But, from the fact that originalism is inescapable, it does not follow that originalism answers all constitutional questions. Grasping the original meaning of the natural born citizen clause may lead us to the conclusion that the constitutional text does not provide the answer to all of our questions about eligibility for the office of President. Constitutional practice may require both interpretation and construction: The original public meaning of the natural born citizen clause may not suffice to answer the question whether John McCain is eligible for the office of President of the United States.

          Obama’s and Rubio’s cases are just as complex.

        • drdredel

          The questions isn’t whether or not Obama is a natural born citizen and by which yardstick we should be examining this matter.

          The question is who gives a flying mother pluck, and what manner of dick-wad is still talking about this? This is a legacy requirement that was put in place to prevent a foreign agent from taking the office of the presidency. It’s as anachronistic as anti Sodomy laws. It says nothing at all about Obama and everything about you. You expose yourself as either a deranged social misfit, unable to recognize when you’ve peed your pants in public, or a racist zealot, unable to recognize that your time passed 50 years ago, and you’ve been left behind.
          Either way you’re an embarrassment.

        • indy

          dr, you’ve come a long way. I still remember your attempts to reason with ‘thinker’ in his intelligent design thread and indirectly admonishing me for mocking him so mercilessly.

        • nhthinker

          Yes, drdredel goes non-linear and irrational and can not reason.
          Most dems and libs did not complain when legal scholars asked if McCain was an NBC.
          It is very clear that that legal issues are quite muddled when it comes to the definition of NBC.
          Which definition would be defined by this relatively conservative Supreme Court? My guess is that they would rather not touch it unless they had to. Since no one with proper legal standing has made the assertion, the Courts have not really addressed it.
          As to your admission: “This is a legacy requirement that was put in place to prevent a foreign agent from taking the office of the presidency. ”
          The same would be true for all the age requirements listed in the Constitution: they are ageist in nature, but they still have the force of law forever until an Amendment would change them.

          Again, Obama worked tirelessly to use technicalities to disqualify opponents of his. Weasely Obamabots do not think what is good for the goose is good for the gander.

          As to my more reasoned and scientifically testable definition of intelligent design: It was on that thread that Indy repeated described himself as a clown.

        • indy

          Here’s a link to the clown thread:

          The fool doth think he is wise, but the wise man knows himself to be a fool.


        • nhthinker

          Here’s Richard Dawkin’s on the type of ID that NHThinker presented…

          “It could be that at some earlier time, somewhere in the universe, a civilization evolved, probably by some kind of Darwinian means, probably to a very high level of technology, and that it designed a form of life it seeded, perhaps onto this planet. Now that is a possibility, and an intriguing possibility. And I suppose it’s possible you might find evidence for that. If you look at the details of biochemistry, of molecular biology, you might find a signature of some sort of designer.”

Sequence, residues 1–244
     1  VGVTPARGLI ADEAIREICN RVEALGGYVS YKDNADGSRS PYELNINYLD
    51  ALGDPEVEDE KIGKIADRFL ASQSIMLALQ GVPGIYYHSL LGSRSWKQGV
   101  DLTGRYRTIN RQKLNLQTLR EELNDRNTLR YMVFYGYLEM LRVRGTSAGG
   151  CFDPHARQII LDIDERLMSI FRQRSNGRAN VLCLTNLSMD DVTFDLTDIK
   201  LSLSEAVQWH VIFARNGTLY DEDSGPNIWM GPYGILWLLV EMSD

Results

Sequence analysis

Is Richard Dawkins a fool or a wise man?

          We do know that Indy is a clown.

        • indy

          lol. Only a pea brain like you wouldn’t be able to comprehend that he was offering this in the context of pointing out (yet another) flaw in ID.

        • nhthinker

          Actually Dawkins was talking about the exact same form of ID that I was talking about- the one that you repeated failed to recognize and finally had to start referring to yourself as a clown. You were totally pwn’d on that thread so please keep advertising it.

  • Oldskool

    The “optics” of it look like another jump-the-shark moment for Rs who can’t seem to have too many in one fiscal year. Only a few months ago they thought 2012 was going to be an easy win and now they look like the losers of a Darwinian sweepstakes.

    • TJ Parker

      jump-the-shark moment

      Eggzactly! Tho i think there can be only one such moment, by definition of JTS.

    • drdredel

      I beg to differ (at least in your use of the cultural reference).

      The Fonz’s jumping of the shark was a seminal moment where his actions went from comedically hip and cool to just farcical. The GOP have been engaged in clownish buffoonery for quite some time, and if there was a shark jumping moment, it happened somewhere around Eisenhower.

      In any event, they were never the Fonz to begin with.

      • Baron Siegfried

        In other words, they’re now surfing the shark.

        • jamesj

          I’d say they jumped it a few years ago and are now we’re all being crunched between its jaws. Oh how nice it would be to go back in time a few years to a point where right wing lawmakers were simply embarrassingly silly and not openly playing chicken with disaster.

  • icarusr

    The best response to NHThinker is to be found in this passage from Salon: